[Jeannette Kavanagh, Apr 12, 2007]
In Australia, the Achievement Improvement Monitor (AIM) test data show that boys are struggling in literacy, compared to girls. That literacy gender gap is universal.
The Programme for International Student Assessment (PISA) is a collaborative effort by member countries of the Organisation for Economic Co-operation and Development (OECD) to produce reliable and internationally comparable indicators of student achievement. Every three years, beginning in 2000, PISA assesses the achievement of 15 year-olds in literacy, mathematics and scientific literacy.
PISA administered common international tests and background questionnaires to between 4,500 and 10,000 students in each of the thirty-two participating countries. The PISA goal was to compare how well students in early secondary school are prepared to meet the challenges of today's knowledge-based society.
In 2000, the USA’s neighbour Canada, ranked second in reading behind Finland, and sixth in mathematics. The US ranked fifteenth (15th ) in reading, and an abysmal nineteenth (19th ) in mathematics. The UK ranked seventh in reading and eighth in math. The biggest shock of all was that Germany lagged behind most of her European Union sister states, at 21st in reading and 20th in mathematics.
PISA confirmed another trend in education, namely that there is a significant gender gap in reading and writing. Girls performed significantly better than boys on the reading and writing tests in all countries. Even in Finland, the top-ranked participant, there was a gender gap in the results in reading. Finnish girls scored 571 while boys scored only 520. In Canada the literacy gender gap was similar with girls’ scores being 551 and boys gaining 519. Girls in the USA scored only 518 but American boys lagged behind at 490. The same literacy gender gap was noted in all participating countries.
Lower academic achievement can also have a negative impact on self-esteem. As the Canadians noted, ‘poor reading performance can have a profound effect on performance in other subjects’. Boys were marginally ahead of girls in mathematics but it’s language literacy that is essential to academic success.Those figures have numerous negative implications. A smaller percentage of boys than girls finish high school – another worldwide phenomenon. Even when the boys do graduate high school, a smaller percentage of them are now enrolling in college or University.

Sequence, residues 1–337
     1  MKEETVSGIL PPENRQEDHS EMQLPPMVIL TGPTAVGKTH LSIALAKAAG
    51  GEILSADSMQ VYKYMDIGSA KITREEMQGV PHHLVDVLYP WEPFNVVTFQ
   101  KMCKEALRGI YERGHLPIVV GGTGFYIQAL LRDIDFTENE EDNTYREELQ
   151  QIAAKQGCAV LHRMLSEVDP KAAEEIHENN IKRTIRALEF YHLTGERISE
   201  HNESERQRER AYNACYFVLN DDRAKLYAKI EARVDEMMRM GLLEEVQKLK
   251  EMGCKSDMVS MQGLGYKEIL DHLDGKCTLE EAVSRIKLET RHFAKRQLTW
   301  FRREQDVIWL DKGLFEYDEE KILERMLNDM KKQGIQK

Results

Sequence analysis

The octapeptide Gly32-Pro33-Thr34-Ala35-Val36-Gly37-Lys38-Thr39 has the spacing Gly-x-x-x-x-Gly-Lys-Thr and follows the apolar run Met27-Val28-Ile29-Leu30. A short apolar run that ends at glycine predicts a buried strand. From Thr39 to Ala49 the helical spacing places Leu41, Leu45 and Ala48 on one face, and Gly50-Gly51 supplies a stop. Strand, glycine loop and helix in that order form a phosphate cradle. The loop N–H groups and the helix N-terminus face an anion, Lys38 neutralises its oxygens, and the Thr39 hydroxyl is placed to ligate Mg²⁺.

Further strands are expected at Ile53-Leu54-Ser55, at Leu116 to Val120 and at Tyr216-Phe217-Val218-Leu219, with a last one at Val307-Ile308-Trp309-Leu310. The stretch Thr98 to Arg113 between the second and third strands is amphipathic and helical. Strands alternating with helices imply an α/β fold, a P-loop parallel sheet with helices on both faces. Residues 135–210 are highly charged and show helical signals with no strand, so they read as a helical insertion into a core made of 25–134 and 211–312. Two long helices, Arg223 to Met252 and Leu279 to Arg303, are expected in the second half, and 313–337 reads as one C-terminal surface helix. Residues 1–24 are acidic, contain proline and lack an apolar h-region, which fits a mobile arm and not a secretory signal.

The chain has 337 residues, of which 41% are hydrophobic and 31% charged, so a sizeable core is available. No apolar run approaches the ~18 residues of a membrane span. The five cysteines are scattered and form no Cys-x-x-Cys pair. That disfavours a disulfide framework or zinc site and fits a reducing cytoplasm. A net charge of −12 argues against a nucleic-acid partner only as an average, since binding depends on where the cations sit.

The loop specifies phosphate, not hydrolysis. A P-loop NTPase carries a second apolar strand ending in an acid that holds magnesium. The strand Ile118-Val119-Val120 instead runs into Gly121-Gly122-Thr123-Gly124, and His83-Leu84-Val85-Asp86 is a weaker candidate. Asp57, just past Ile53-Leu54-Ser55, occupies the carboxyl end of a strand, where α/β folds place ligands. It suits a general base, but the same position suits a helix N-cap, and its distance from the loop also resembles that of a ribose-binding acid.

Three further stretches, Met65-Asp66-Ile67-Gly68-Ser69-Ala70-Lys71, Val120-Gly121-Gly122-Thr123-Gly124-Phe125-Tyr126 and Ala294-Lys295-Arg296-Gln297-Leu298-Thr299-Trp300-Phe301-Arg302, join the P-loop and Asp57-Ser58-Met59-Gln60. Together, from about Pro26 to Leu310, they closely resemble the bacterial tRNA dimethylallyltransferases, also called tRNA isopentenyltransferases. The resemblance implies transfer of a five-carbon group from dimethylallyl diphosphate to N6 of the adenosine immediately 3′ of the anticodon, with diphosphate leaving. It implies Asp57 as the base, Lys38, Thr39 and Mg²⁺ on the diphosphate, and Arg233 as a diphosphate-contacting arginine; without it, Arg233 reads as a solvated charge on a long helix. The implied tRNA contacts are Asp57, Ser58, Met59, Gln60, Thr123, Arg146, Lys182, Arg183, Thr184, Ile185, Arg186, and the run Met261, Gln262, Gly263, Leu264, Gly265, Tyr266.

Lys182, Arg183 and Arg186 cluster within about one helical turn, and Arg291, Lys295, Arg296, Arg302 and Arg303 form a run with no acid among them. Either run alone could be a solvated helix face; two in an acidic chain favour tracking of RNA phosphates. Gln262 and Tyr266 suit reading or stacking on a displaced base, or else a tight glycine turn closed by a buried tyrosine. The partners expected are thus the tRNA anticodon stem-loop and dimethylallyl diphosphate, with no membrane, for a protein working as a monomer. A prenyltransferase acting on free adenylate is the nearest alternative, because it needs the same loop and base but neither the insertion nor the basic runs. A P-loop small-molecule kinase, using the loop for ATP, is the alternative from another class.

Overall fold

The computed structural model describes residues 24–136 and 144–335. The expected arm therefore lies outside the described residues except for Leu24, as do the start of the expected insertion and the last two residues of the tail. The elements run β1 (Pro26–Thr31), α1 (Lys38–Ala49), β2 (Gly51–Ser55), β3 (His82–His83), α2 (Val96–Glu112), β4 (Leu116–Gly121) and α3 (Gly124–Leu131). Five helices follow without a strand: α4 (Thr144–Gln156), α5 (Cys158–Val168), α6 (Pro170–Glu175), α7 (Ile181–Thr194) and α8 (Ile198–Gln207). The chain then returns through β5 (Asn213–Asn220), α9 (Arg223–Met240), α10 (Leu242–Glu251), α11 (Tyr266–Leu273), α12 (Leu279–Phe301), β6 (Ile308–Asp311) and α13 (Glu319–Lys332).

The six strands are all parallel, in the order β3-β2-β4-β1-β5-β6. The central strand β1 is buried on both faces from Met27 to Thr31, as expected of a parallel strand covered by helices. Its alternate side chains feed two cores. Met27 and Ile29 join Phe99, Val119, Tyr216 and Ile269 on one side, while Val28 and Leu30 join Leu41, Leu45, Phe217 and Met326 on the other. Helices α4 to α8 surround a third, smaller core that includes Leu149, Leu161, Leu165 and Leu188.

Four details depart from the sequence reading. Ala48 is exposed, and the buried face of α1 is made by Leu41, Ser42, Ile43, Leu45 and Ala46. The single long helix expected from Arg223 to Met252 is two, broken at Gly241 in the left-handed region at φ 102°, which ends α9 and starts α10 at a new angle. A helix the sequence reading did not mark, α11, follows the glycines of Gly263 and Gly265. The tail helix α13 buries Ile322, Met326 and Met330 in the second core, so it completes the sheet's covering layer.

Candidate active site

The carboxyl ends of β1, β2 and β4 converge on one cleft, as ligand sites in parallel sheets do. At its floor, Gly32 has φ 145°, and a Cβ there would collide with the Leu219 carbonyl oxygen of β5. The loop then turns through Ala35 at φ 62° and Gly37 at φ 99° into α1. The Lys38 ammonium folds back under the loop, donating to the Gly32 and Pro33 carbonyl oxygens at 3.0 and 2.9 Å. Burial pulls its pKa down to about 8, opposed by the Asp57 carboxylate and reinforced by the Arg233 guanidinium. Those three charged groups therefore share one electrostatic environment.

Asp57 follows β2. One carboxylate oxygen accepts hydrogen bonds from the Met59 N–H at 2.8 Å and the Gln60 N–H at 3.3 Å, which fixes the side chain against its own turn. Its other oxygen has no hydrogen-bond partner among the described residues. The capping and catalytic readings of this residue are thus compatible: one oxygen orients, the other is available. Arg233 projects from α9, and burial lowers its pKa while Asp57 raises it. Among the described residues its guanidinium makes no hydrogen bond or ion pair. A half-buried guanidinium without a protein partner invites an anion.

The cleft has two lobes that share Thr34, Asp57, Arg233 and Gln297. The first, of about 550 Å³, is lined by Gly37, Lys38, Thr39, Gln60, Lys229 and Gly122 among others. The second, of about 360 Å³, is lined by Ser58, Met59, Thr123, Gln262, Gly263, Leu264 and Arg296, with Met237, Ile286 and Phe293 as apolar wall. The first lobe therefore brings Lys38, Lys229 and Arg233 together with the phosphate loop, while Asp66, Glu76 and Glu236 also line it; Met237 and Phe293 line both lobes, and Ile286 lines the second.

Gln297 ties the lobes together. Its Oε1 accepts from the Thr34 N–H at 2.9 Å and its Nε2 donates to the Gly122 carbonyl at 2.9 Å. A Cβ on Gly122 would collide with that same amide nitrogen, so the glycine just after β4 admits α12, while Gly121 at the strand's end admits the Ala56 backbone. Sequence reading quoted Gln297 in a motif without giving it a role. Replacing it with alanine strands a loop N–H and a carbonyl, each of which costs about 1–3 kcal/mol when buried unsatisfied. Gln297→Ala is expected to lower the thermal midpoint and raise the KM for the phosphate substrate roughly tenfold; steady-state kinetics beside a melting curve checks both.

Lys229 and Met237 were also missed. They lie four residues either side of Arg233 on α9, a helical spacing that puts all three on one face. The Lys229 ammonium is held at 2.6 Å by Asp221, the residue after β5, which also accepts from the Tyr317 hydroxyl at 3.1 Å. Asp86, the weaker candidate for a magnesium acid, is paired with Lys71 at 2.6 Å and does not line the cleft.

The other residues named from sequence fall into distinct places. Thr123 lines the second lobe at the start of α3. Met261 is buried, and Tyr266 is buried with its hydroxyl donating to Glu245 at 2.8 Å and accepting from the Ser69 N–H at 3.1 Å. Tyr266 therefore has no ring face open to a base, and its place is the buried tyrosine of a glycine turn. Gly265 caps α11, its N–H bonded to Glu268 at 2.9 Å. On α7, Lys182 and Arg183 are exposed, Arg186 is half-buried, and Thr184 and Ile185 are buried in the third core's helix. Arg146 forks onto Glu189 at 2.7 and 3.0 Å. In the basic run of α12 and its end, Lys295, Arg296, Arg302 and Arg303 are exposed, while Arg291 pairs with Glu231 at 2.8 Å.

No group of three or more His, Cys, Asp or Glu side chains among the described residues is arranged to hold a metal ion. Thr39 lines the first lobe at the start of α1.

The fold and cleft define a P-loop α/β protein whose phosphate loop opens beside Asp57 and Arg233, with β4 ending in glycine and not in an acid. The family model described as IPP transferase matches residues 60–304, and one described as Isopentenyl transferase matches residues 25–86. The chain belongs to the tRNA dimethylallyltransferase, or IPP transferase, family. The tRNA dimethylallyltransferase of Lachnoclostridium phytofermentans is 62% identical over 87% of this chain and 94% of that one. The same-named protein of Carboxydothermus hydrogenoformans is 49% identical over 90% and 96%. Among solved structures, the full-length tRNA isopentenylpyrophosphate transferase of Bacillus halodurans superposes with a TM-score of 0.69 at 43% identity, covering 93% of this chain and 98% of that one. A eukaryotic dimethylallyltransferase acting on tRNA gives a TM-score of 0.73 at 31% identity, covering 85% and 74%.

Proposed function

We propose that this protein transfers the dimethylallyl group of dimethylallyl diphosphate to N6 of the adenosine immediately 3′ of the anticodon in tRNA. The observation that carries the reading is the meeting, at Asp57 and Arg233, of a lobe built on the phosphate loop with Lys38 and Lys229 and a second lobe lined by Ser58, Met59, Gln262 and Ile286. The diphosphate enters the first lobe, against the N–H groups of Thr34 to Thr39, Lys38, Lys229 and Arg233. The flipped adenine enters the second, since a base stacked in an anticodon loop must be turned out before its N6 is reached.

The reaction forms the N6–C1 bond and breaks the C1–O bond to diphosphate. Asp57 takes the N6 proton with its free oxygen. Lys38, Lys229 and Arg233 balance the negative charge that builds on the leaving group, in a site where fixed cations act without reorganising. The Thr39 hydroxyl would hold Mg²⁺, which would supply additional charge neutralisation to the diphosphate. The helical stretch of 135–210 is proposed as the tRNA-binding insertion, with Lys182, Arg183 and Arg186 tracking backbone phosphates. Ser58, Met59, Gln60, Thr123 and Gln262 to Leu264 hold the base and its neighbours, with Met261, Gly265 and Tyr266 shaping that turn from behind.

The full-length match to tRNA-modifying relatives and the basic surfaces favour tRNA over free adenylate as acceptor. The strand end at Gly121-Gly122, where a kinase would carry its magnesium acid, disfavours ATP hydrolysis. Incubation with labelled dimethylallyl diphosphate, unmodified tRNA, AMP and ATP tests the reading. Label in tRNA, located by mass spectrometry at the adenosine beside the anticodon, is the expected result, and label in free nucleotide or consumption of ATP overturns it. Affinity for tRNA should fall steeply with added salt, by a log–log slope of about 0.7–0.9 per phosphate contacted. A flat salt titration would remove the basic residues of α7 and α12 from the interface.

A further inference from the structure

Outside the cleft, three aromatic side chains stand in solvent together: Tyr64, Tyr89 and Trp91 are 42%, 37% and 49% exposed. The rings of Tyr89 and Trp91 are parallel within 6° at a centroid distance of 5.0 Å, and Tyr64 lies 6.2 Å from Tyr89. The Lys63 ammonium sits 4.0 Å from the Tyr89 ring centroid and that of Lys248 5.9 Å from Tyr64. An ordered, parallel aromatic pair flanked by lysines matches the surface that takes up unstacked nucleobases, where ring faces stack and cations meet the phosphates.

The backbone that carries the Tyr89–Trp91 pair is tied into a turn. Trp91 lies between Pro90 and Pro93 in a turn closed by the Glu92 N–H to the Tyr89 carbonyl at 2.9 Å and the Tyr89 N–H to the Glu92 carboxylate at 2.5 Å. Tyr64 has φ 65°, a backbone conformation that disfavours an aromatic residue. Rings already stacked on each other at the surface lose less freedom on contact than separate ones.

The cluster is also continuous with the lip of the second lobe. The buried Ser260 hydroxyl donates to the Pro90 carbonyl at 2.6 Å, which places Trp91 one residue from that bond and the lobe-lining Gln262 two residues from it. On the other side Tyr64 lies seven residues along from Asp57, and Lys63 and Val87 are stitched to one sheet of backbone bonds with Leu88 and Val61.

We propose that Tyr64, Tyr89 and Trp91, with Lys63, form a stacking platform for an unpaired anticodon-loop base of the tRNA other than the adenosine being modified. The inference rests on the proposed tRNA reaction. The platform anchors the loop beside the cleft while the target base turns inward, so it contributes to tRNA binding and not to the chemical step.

One theory purports that schools simply don’t suit boys. Flinders University in South Australia interviewed 1,800 boys from 61 schools about boys’ declining rates of achievement and retention – another international phenomenon. A summary of their main findings is that "most boys don’t value school; school work is boring, repetitive and irrelevant. Also, school … expects adult behaviour but doesn’t deliver an adult environment and there are not enough good teachers."
The 2000 PISA results were a shock, but one that lead to positive changes in curriculum and ways of teaching. To ensure greater academic success for boys, our literacy teaching strategies must be more engaging for boys. We must:
> Allow greater choice in topics and the way assignments are completed, presented and assessed.
> Focus classroom activities on ways to harness boys’ energy.
> Ensure that lessons allow for movement rather than expect hours of sitting still and being sedate.
> Make learning more activity-centred rather than pen and paper
> Increase the range of literacy practices that are taught
> Encourage team effort and collaborative learning. Boys can succeed when they contribute to part of a group project, rather than fail the entire task
> In selecting topics for reading and writing, see boys’ interest in real life tasks as a bonus not a deficit. Select more ‘how to’ books, non-fiction texts, comics, magazines based on their interests.
> Encourage students to create audio books, e-books, websites